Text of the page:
German food bank slammed for deciding to stop serving foreigners as 'they scare other customers'

David Harding
The food bank is in the German town of Essen (Rex)

A German food bank has been criticised for refusing to serve foreigners because it is claimed they scare away other customers.

The food bank, Tafel Deutschland, in the western city of Essen has said it will only register new users who can prove they have German citizenship.

It claims young foreign men are scaring away elderly people and women.

On its website, Tafel Deutschland, a charitable association, said they had seen an ‘increase in the number of migrants in recent years’.

‘We want German grandmothers to continue coming to us,’ said the head of the association in Essen, Jorg Sartor.

He added that when the charity opens its doors every morning, some of the men queueing up showed ‘a lack of respect for women’ and ‘there was pushing and shoving regardless of grandmas in line’.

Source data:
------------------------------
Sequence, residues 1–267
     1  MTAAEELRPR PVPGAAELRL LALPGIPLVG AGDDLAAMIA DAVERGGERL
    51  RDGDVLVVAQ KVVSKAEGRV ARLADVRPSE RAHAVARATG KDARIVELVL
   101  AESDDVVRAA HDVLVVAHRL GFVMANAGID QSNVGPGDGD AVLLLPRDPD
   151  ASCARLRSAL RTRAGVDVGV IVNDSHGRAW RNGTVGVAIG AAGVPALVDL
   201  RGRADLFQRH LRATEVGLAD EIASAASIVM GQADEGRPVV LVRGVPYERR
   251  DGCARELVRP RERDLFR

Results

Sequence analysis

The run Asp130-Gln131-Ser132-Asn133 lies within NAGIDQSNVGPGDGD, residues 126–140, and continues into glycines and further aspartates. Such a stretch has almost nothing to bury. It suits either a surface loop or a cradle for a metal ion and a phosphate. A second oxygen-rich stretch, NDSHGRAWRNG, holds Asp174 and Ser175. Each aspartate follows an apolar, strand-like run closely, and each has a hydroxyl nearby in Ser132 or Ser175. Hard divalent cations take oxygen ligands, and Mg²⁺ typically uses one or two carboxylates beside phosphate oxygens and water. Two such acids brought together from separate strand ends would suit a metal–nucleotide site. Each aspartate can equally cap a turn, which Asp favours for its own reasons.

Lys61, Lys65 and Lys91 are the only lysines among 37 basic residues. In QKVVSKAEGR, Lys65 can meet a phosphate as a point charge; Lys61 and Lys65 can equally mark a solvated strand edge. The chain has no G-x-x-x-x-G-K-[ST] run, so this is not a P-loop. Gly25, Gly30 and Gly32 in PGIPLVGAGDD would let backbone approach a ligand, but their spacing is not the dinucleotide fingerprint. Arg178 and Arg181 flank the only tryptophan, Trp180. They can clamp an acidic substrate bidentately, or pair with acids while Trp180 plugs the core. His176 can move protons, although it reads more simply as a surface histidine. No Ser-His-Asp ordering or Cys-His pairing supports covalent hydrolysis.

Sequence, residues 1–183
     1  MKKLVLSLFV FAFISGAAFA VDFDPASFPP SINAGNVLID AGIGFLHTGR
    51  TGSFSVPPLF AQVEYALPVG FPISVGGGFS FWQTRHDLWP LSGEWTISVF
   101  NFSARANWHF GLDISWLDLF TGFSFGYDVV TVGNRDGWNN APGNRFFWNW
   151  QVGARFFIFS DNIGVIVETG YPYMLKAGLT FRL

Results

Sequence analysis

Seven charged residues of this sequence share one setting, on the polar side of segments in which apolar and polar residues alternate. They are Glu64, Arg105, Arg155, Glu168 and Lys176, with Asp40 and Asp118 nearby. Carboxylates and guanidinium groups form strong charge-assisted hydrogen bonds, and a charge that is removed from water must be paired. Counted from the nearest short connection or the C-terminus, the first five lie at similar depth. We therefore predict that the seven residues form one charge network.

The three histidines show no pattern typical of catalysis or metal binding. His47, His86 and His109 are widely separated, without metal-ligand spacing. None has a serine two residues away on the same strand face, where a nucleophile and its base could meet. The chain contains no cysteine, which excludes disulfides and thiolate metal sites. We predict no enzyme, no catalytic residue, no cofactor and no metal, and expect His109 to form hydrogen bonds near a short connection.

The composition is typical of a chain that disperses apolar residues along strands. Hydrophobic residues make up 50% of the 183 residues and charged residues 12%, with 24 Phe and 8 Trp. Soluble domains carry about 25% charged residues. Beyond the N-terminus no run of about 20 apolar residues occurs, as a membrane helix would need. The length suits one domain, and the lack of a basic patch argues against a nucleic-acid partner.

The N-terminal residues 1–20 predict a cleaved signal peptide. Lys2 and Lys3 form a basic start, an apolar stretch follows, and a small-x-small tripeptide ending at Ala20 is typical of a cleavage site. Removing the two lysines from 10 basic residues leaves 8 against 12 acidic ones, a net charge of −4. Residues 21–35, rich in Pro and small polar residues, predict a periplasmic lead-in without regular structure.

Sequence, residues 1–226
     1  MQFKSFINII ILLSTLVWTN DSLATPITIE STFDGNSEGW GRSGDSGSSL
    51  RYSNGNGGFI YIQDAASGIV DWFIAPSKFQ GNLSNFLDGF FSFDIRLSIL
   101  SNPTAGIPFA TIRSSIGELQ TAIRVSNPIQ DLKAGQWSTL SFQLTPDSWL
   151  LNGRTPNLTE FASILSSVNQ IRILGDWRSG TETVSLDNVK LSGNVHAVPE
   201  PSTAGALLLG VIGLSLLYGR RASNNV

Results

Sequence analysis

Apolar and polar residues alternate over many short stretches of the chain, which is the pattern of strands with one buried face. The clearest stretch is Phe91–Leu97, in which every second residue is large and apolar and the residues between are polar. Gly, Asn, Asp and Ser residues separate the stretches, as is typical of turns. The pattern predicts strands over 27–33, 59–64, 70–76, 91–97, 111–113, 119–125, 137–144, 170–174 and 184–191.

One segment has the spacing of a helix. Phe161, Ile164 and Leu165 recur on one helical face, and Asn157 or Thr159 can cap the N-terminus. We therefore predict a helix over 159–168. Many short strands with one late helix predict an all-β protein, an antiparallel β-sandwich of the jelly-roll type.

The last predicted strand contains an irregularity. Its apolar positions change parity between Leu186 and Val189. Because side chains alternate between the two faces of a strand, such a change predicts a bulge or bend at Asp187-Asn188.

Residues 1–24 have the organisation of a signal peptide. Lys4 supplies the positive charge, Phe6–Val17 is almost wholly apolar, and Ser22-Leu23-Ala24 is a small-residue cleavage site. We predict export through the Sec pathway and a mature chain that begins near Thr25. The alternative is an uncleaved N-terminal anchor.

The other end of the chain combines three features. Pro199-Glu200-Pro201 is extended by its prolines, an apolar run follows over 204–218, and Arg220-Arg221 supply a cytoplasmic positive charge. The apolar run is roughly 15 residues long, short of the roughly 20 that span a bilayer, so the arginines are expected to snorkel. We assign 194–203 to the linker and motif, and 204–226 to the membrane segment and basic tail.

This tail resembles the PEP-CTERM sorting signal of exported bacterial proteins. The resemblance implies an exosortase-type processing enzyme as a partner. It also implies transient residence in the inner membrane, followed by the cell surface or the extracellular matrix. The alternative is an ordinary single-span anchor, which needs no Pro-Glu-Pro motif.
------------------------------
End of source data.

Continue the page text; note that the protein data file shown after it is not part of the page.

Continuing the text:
The decision to feed only Germans comes as migrants and refugees make up 75 percent of the food bank’s 6,000 users.

Three years ago, 35% of customers were non-Germans, said Sartor.

Refugees march demanding to be reunited with their families already in Germany (Rex)


It will continue to serve non-Germans who have already registered with the charity but not accept new foreign customers.

The move has not been well-received by other groups.

The chairman of Essen’s integration council, Miguel Martin Gonzalez Kliefken, said the decision plays into the hands of far-right groups, some of which have hailed the move.

Germany decided to take in more than one million migrants in 2015, a move which has proved controversial among some.